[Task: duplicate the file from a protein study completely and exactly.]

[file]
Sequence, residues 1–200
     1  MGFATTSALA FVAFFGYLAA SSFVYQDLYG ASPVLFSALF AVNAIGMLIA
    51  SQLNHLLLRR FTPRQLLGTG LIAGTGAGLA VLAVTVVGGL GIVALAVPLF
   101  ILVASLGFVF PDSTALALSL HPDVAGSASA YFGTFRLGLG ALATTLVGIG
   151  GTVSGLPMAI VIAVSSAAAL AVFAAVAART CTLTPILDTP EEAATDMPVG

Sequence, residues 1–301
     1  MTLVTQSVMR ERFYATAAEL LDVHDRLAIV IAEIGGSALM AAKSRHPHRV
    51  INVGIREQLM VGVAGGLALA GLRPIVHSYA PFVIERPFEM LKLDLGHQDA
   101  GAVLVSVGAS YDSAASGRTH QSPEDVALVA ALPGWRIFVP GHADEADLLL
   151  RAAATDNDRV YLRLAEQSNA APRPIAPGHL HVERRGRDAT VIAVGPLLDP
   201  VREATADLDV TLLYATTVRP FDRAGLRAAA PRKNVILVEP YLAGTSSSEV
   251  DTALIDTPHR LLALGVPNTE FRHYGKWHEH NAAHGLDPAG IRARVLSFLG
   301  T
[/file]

Sequence, residues 1–200
     1  MGFATTSALA FVAFFGYLAA SSFVYQDLYG ASPVLFSALF AVNAIGMLIA
    51  SQLNHLLLRR FTPRQLLGTG LIAGTGAGLA VLAVTVVGGL GIVALAVPLF
   101  ILVASLGFVF PDSTALALSL HPDVAGSASA YFGTFRLGLG ALATTLVGIG
   151  GTVSGLPMAI VIAVSSAAAL AVFAAVAART CTLTPILDTP EEAATDMPVG

Sequence, residues 1–301
     1  MTLVTQSVMR ERFYATAAEL LDVHDRLAIV IAEIGGSALM AAKSRHPHRV
    51  INVGIREQLM VGVAGGLALA GLRPIVHSYA PFVIERPFEM LKLDLGHQDA
   101  GAVLVSVGAS YDSAASGRTH QSPEDVALVA ALPGWRIFVP GHADEADLLL
   151  RAAATDNDRV YLRLAEQSNA APRPIAPGHL HVERRGRDAT VIAVGPLLDP
   201  VREATADLDV TLLYATTVRP FDRAGLRAAA PRKNVILVEP YLAGTSSSEV
   251  DTALIDTPHR LLALGVPNTE FRHYGKWHEH NAAHGLDPAG IRARVLSFLG
   301  T